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Johanna Rothman helps managers and teams solve problems and deliver products. Her most recent book is Manage your Project Portfolio: Increase Your Capacity and Finish More Projects. You can read her blogs and other writings at Johanna is a DZone MVB and is not an employee of DZone and has posted 128 posts at DZone. You can read more from them at their website. View Full User Profile

Plan for Murphy

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It seems strange to plan for Murphy’s Law, but if you don’t plan for risks, they will happen and they will turn into disasters. Some risks you can’t plan for, but many risks you can anticipate.

I plan for some typical risks: I keep a power cord in my office, in my briefcase, in my living room. I never have to move a power cord, and if cord fails, I have easy access to one.

I’ve been working on an agile architecture workshop with Rebecca Wirfs-Brock, and we have had more Murphy moments than any small project deserves. Last week, when we were close to done, but still were under pressure to meet our deadline (think one-week iterations), my power went out. Yes, my town lost power for several hours. In the afternoon, during our joint working time, the power went out. It doesn’t matter how many power cords you have, if you don’t have power to the house!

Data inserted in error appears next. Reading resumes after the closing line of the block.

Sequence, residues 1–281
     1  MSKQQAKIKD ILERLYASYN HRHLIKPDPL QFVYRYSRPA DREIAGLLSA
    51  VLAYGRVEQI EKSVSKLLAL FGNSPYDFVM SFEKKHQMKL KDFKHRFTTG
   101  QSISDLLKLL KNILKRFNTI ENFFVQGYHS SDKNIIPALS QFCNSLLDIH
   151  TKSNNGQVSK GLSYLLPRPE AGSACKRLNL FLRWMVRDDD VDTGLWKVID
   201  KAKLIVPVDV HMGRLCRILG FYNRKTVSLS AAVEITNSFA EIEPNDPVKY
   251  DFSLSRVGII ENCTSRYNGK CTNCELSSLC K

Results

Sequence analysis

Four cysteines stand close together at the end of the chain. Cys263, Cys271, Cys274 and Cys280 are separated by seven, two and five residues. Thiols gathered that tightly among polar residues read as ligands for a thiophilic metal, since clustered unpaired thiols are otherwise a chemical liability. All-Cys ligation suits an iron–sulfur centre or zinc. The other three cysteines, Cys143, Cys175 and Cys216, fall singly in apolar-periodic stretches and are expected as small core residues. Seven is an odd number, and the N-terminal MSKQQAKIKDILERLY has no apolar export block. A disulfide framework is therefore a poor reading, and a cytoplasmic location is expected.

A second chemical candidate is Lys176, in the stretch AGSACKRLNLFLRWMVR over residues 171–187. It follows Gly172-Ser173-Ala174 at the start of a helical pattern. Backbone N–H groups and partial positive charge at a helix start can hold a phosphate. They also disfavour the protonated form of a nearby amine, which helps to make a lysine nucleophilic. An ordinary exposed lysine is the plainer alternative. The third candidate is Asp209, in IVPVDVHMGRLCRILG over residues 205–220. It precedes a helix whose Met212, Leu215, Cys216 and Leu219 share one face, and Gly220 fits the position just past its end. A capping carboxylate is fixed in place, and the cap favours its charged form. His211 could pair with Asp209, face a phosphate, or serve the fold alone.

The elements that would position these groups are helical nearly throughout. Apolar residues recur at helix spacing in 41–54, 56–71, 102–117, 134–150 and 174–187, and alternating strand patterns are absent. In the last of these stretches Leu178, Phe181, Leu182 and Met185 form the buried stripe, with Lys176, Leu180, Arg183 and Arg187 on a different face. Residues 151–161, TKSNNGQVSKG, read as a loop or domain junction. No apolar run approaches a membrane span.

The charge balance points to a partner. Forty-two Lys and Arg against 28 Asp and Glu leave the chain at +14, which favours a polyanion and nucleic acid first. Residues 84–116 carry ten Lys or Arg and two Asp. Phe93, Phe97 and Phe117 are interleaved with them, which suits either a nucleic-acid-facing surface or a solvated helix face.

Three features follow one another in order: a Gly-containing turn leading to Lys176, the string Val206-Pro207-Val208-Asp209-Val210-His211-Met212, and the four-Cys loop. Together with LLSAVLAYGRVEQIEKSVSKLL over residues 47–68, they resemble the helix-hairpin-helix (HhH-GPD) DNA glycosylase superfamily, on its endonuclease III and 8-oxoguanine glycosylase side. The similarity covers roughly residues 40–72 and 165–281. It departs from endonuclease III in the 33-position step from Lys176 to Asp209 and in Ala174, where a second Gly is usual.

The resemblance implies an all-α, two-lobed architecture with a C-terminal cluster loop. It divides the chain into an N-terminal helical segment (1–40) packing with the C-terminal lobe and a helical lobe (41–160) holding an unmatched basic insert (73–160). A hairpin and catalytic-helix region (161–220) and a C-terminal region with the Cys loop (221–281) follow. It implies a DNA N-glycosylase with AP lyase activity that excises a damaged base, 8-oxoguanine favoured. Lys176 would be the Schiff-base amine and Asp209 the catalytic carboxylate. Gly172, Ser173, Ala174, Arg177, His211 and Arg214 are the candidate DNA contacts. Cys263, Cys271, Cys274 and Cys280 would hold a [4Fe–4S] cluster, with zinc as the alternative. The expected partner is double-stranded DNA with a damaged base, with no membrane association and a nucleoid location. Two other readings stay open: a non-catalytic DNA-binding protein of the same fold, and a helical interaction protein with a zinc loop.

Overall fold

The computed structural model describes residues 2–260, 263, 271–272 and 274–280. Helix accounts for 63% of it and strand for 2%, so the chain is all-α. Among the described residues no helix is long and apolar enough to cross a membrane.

I texted Rebecca, so she knew that I was unable to save our files, that I had no power, and when the power company told me I might have power. Now she knew what I knew. I read a book—on my Kindle :-).

But my suggestion to plan for Murphy still holds. My Kindle still had power, so I could read for several hours. I even still have paper books—many of them. I have phones with built-in power so I could use them, at least for a while. I could have brought my computer to another town that still had power (something you might not be able to do on a larger project or in a location with a real disaster).

Risk management is project management. If you don’t plan for Murphy, he will come and live on your project forever. Take a few minutes and review your project: anything you need to do to keep Murphy off your project or program today?

Published at DZone with permission of Johanna Rothman, author and DZone MVB. (source)

(Note: Opinions expressed in this article and its replies are the opinions of their respective authors and not those of DZone, Inc.)



Muhammad Faiz replied on Fri, 2012/04/13 - 8:40am

The mitigation activities and associated costs should be compared with the impact of the risk (likelihood is already 100%). Meeting the deadline at all costs?

Final remark is only plan for Murphy which is in the vicinity. Planning for a snowstorm in the summer might be a bit to early, but reconsider you risk register every coupe of weeeks and see which new risks are surfacing. This helps to create active risk management in your project

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